David Bourget (Western Ontario)
David Chalmers (ANU, NYU)
Rafael De Clercq
Jack Alan Reynolds
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Cambridge University Press (2008)
Recent work in artificial intelligence has increasingly turned to argumentation as a rich, interdisciplinary area of research that can provide new methods related to evidence and reasoning in the area of law. Douglas Walton provides an introduction to basic concepts, tools and methods in argumentation theory and artificial intelligence as applied to the analysis and evaluation of witness testimony. He shows how witness testimony is by its nature inherently fallible and sometimes subject to disastrous failures. At the same time such testimony can provide evidence that is not only necessary but inherently reasonable for logically guiding legal experts to accept or reject a claim. Walton shows how to overcome the traditional disdain for witness testimony as a type of evidence shown by logical positivists, and the views of trial sceptics who doubt that trial rules deal with witness testimony in a way that yields a rational decision-making process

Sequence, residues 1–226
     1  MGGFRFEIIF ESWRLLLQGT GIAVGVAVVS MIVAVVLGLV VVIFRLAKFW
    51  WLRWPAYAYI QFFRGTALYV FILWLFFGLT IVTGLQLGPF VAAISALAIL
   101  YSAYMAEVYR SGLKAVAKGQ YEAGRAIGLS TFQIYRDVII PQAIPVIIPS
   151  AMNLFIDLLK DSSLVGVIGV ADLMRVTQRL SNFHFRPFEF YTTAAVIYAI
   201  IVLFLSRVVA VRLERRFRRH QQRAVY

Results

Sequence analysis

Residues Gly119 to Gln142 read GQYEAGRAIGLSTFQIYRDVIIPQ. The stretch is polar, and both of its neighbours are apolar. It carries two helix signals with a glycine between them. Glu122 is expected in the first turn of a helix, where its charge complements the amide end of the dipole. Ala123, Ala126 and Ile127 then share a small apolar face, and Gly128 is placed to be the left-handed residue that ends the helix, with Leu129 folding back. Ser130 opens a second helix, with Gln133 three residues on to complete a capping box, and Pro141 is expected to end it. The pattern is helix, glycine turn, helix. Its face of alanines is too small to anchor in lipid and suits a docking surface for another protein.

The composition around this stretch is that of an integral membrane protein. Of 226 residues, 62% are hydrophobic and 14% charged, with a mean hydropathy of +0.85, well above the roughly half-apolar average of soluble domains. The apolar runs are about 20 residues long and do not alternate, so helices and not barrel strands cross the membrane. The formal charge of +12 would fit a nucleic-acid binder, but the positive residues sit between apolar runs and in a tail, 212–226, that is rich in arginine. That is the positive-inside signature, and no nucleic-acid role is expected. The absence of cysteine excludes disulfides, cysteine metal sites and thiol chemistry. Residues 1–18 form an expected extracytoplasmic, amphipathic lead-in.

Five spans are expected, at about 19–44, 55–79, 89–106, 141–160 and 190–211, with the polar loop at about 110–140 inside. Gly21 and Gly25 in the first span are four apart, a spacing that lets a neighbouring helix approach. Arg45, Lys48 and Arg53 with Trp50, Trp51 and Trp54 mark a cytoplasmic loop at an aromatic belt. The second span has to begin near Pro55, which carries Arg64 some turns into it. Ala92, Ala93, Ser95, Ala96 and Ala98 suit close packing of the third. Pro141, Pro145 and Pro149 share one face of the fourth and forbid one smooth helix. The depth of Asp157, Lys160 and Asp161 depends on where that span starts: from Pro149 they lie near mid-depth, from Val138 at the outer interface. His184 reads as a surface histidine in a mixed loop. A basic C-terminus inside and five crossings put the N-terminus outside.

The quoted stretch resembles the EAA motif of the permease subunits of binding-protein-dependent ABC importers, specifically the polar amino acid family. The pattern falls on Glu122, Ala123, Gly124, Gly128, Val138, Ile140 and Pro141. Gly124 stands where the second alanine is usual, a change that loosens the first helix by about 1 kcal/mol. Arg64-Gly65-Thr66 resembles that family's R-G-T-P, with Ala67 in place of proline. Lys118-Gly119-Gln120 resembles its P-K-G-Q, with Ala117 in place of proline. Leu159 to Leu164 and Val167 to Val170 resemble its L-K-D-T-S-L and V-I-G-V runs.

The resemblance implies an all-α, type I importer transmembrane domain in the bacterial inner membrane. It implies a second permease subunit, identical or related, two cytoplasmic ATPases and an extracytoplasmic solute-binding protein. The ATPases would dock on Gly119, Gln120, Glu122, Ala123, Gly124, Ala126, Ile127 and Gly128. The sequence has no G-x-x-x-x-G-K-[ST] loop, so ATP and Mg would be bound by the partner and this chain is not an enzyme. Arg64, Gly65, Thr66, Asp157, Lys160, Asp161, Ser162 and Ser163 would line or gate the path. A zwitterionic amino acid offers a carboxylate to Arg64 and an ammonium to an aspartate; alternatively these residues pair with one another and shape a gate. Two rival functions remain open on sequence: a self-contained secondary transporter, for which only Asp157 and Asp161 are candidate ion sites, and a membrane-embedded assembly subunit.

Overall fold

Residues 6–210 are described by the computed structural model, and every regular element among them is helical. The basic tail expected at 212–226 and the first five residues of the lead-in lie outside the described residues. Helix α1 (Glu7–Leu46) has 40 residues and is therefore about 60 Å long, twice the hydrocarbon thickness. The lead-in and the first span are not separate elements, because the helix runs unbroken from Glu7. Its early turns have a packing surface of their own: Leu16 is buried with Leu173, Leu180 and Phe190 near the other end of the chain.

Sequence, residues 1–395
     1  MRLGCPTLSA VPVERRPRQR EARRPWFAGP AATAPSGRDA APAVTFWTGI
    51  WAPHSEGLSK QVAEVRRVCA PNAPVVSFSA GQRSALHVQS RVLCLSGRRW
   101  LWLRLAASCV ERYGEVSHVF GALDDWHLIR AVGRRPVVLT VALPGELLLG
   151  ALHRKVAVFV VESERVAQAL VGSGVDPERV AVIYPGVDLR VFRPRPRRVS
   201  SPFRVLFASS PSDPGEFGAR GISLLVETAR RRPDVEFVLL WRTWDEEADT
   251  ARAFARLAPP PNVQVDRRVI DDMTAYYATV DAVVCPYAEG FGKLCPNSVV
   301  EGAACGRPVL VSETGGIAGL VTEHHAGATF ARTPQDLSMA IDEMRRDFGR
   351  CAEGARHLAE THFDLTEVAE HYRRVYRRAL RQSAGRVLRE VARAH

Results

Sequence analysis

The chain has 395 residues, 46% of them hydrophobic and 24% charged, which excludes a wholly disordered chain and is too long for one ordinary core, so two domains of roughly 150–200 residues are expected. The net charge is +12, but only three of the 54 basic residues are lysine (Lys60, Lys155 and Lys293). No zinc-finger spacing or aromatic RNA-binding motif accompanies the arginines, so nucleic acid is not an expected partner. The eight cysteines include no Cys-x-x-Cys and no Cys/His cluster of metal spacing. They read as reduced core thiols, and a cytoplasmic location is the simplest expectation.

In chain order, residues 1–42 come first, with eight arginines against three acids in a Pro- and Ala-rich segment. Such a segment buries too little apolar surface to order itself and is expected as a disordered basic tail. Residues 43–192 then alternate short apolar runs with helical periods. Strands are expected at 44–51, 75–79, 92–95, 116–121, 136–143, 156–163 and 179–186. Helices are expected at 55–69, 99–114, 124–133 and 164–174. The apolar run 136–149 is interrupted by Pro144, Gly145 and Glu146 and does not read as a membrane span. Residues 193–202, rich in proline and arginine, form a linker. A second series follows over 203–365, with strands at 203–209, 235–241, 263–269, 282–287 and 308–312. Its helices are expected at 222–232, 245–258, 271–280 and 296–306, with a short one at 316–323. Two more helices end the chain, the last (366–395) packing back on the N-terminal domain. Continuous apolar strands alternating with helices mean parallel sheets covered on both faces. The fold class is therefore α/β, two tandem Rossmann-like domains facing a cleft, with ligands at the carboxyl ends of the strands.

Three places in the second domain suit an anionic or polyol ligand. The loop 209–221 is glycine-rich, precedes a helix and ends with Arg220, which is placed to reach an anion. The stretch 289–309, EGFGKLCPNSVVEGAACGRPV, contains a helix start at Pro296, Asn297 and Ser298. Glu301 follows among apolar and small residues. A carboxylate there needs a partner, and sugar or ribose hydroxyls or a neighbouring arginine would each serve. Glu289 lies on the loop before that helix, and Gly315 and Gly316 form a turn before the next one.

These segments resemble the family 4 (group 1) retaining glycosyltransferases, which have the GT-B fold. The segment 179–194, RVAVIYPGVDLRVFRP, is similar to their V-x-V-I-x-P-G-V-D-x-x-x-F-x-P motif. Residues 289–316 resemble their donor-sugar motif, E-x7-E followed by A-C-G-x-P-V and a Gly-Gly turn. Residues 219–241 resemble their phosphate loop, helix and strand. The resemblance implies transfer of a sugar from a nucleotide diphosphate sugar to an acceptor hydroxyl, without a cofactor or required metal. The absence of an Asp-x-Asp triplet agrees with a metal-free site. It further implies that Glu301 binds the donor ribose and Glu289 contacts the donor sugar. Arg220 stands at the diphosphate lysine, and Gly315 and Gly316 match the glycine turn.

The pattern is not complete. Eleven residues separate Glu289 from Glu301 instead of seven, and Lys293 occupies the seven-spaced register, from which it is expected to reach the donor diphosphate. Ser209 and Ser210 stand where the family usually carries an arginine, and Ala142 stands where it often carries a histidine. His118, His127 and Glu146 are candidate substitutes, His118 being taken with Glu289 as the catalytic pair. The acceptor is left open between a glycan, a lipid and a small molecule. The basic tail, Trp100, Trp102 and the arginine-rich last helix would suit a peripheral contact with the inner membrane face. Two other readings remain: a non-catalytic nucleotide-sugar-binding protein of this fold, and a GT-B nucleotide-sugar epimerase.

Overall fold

|Keywords||Law Methodology Witnesses Evidence (Law Reasoning Artificial intelligence Relevance (Philosophy|
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|Call number||K213.W355 2008|
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Citations of this work BETA
Axel Gelfert (2011). Expertise, Argumentation, and the End of Inquiry. Argumentation 25 (3):297-312.
Fabrizio Macagno & Douglas Walton (2012). Presumptions in Legal Argumentation. Ratio Juris 25 (3):271-300.
Gábor Kutrovátz & Gábor Á Zemplén (2011). Experts in Dialogue: An Introduction. [REVIEW] Argumentation 25 (3):275-283.
Norman Fenton, Martin Neil & David A. Lagnado (2013). A General Structure for Legal Arguments About Evidence Using Bayesian Networks. Cognitive Science 37 (1):61-102.
Tim Kenyon (forthcoming). Oral History and The Epistemology of Testimony. Social Epistemology:1-22.
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